Proficient in sketching from an early age, he studied at Syracuse University (graduating cum laude, Phi Beta Kappa, in 1930) and at the Art Students League in New York.
During the period 1930-37, he took a series of different jobs, married, had a child, and got divorced, before finding his metier as a writer.
One of the most famous art critics in America, Clement Greenberg was a commentator and curator, who was closely associated with abstract art of the mid-20th century.
In fact, he ranks with Harold Rosenberg (1906-78) and John Canaday (1907-85) as the most influential writer on modern art, just as the United States was overtaking Paris as the centre of world art.
In addition, Greenberg was noted for his work Art and Culture (1961), as well as his studies of Joan Miro (1948), Matisse (1953) and Hans Hofman (1961).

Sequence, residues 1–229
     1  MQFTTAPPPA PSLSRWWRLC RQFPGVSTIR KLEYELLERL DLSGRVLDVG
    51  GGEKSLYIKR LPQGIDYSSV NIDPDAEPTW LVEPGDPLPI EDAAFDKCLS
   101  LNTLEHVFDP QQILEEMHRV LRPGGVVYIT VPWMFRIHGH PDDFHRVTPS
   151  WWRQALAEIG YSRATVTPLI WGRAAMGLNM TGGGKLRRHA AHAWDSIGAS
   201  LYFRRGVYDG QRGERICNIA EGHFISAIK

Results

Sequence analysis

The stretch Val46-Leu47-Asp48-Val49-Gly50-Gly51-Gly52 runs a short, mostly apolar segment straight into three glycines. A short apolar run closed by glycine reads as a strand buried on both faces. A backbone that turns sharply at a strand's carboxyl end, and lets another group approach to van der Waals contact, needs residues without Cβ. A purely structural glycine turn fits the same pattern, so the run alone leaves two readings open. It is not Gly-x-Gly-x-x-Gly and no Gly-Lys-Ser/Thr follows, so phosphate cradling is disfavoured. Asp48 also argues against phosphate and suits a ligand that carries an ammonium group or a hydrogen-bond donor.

Born in the Bronx, New York, Clement Greenberg was born into a middle-class Jewish home, the oldest of three sons.His only concession, was to admit that Pop art's transparency was a welcome distraction from the over-intensity of Abstract Expressionism.Given the fragmented, subjective and populist nature of postmodernist art, it is no surprise that Greenberg had a pessimistic view of contemporary styles, in America and around the world.On the one hand he appreciated the greater transparency of contemporary styles, while lamenting the fact that they didn't challenge the spectator on more than a superficial level.Greenberg's writings on painting are not always crystal clear to readers: like most critics, he enjoyed wrapping his ideas in layers of intellectual prose.In particular, he championed the abstract expressionism of the New York School and, along with the wealthy collector Peggy Guggenheim (1898-1979), was one of the first to promote the work of Jackson Pollock (1912-56).He also praised the 20th century sculptors David Smith (1906-65) and Anthony Caro (1924-2013).Here is a very rough idea of some of his views.(1) Greenberg was a formalist: that is, he thought that the formal attributes of a painting (line, shape, colour) are of crucial importance, whereas its emotional or representational content is secondary, even redundant. In each type of art, he said, there is an urge towards purity: that is, a focus on the unique characteristics of the art form in question.(Greenberg's so-called concept of medium specificity.) In painting, for instance, there is a natural and proper tendency to focus on its inherent two-dimensional character: that is, the flatness of the picture plane.He christened the work of this new generation "Post-Painterly Abstraction" in order to distinguish it from Abstract Expressionism, or "Painterly Abstraction", as he called it.Post-Painterly Abstraction was a term given to a variety of second generation abstract art that reacted against the gestural painting of earlier abstract expressionists.